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November 20, 2016
Lahaina, Maui, Hawaii
BILL WALTON: This is a great tournament field here this year. All these fantastic teams -- Chaminade, Georgetown, North Carolina, Oklahoma State, Oregon, Tennessee, UConn and Wisconsin. 14 national championships between these eight teams, 40 Final Fours, 198 NCAA Tournament appearances. These coaches are well-established, and have been hugely successful over the years. Seven of these coaches have won at least 65 percent of their games. And each have guided their teams deep into the NCAA Tournament.
Two of our coaches have won [NCAA] titles here. Six have coached in the Final Four. We've got a lot of fantastic players here for these teams. North Carolina, last year's runner-up in the tournament. I love little Archie. Joel Berry, Justin Jackson, they return. Oklahoma State's Jawun Evans. Chris Boucher from Oregon, and Wisconsin's Nigel Hayes and Bronson Koenig, two of my favorite players and programs, the Wisconsin Badgers.
We'll start today, Eric Bovaird from Chaminade. He's in his sixth season at Chaminade. Four of his top five scorers are back from last year. Two of his players were all conference in that Pacwest Conference. Coach Eric Bovaird has led his Chaminade Silverswords through a pair of NCAA Tournament appearances in the last five years. Coach Brovaird, what do you like about your team this year?
COACH BOVAIRD: First off, we have a senior-laden team and guys with a lot of experience. Two of the starters, two of the seniors have been starting for me since day one of their freshman career. So this is the most experienced team that I've had in six years, and so I'm really excited about where we're at. We're 2-0 right now. Last year I was sitting up here we were 0-2 and just got back from a trip from Fairbanks, Alaska. I'm pretty excited about being 2-0 and getting revenge on the Alaska schools.
BILL WALTON: Are you ready to predict a victory against North Carolina?
COACH BOVAIRD: Sure.
BILL WALTON: Next up, John Thompson, III, Georgetown University. Full disclosure, one of our four sons played for John Thompson III at Princeton. And Coach John Thompson, III made him into the man he is today. So thanks very much, Coach.
Here's Coach John Thompson, III. He's in his 13th season with the Hoyas, 17th overall after four years at Princeton, where he played. He led the Hoyas to eight NCAA Tournament appearances in the last 11 years, including one Final Four. Coach Thompson, with his teams have won 20 or more games eight times in the last 11 seasons. Three-time Big East champions and also won three Ivy League championships in four seasons at Princeton. Coach, how is the team looking this year? Are you ready for Maui?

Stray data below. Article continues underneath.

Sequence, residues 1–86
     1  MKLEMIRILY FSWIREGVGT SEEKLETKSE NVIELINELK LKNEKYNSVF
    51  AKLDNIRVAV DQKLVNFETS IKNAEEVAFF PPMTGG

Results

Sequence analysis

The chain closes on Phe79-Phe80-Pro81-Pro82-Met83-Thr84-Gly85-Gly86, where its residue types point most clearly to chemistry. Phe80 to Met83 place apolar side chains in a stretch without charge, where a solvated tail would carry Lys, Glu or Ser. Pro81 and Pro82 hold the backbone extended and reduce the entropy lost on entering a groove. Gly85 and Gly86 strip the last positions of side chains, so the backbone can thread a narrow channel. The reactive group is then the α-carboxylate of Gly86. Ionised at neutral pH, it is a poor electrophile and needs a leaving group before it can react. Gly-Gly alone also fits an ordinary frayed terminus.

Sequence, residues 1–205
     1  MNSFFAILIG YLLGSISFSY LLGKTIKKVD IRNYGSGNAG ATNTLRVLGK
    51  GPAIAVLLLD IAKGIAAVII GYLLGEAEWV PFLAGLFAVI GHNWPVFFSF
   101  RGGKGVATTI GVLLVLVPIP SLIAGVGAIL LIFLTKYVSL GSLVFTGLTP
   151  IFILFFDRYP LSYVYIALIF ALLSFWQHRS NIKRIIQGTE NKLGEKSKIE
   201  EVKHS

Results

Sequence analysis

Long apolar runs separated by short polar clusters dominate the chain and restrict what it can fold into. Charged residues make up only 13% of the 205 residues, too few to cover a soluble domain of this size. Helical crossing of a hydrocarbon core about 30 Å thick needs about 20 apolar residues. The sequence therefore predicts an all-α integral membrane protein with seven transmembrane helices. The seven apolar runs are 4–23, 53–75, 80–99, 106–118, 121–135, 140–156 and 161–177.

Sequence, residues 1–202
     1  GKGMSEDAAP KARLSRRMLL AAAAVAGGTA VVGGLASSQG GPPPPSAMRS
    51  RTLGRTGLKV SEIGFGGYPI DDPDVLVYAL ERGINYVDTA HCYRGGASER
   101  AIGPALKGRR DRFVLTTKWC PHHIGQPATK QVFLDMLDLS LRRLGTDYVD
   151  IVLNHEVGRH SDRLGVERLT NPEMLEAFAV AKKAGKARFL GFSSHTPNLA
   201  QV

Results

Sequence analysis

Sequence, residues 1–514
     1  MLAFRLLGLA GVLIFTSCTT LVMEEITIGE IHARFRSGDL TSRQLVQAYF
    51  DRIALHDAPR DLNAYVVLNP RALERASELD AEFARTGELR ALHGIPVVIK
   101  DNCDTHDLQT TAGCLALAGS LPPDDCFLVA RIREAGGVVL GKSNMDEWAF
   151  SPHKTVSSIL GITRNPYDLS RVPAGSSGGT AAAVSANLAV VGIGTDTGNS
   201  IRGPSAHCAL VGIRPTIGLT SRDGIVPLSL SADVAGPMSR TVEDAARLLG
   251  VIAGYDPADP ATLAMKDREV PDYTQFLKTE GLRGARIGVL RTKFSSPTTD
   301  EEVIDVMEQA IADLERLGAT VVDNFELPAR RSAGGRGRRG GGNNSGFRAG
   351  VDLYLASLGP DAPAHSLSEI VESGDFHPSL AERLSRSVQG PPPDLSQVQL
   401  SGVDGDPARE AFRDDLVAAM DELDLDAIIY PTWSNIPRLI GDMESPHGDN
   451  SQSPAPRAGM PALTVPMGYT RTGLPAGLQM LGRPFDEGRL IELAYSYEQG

COACH THOMPSON: We're struggling right now, and I don't know whether Maui is the place to get you out of struggling --
BILL WALTON: Whenever you come to Maui everything gets better. Particularly when you put the glasses on.
COACH THOMPSON: I'm leaving them on then. [Laughter] I like our group. I like our group and we're going to figure it out.
We have a group that's working hard. We have some key returning people with some new guys also. So we're sifting through it right now. The guys are working hard. We're plugging. So we're going to figure this out.
BILL WALTON: What are the strengths of the team, Coach? Who should we look for?
COACH THOMPSON: I think we have a group, it can go in a lot of different directions. A kid that hasn't played yet, Bradley Hayes, will be able to play the second game here, who is a fifth-year senior. He's the captain, the rock of the team. Once we get him back that should help a little bit. But we have different people that can step up on different nights. Now we just need to start doing it.
BILL WALTON: What's the best part of coming to Maui, Coach Thompson?
COACH THOMPSON: Sitting here with you, the people and the glasses.
BILL WALTON: I can see clearly now. Thanks, Coach Thompson. Now we moving on to Coach Roy Williams.
Next up is Roy Williams, North Carolina. Now in his 14th season, the Hall of Famer, winning more than 360 games during those 14 years at North Carolina, including the '05 and '09 NCAA championships. Coach Williams' team advanced to the championship game last year. I was there, one of the most thrilling moments of my entire life. Coach Williams has led North Carolina to seven regular season ACC championships during his 14 years there and he's led his squads to 26 NCAA Tournament appearances in 28 seasons as the head coach, some of those coming at Kansas. His teams have won at least 25 games in 21 of his 28 seasons as a head coach. Coach Williams, what stands out for this year's edition of the Tar Heels?
COACH WILLIAMS: Thank you. The biggest thing is I'm sitting up here as President Bernie is leaving, I know I've been here through at least three presidents at the University of Chaminade. It's my sixth trip here, but our club, we started off, we're 4-0, and we haven't played that well except in a couple of moments in certain games. Against Hawaii Friday night, they dominated the game except in the score.
But I like our team. We have six guys back who participated in the run to the national championship game last year. But Joel Berry, Justin Jackson, they're the leaders of our time. Isaiah Hicks, Kennedy Meeks, Nate Britt are the seniors. But Justin and Joel do a really great job for us, and we'd like to get a little help here.
We've got two guys, Theo Pinson and Luke Maye, that haven't been able to play. And Theo is going to be out at least three, four, five more weeks anyway at least. But I like our club. Love coming to Maui.
As I said, I think this is my sixth trip. And it's always been great. The people here have been great. The people at Chaminade. You guys know how to make people feel comfortable. And as coaches we all appreciate that.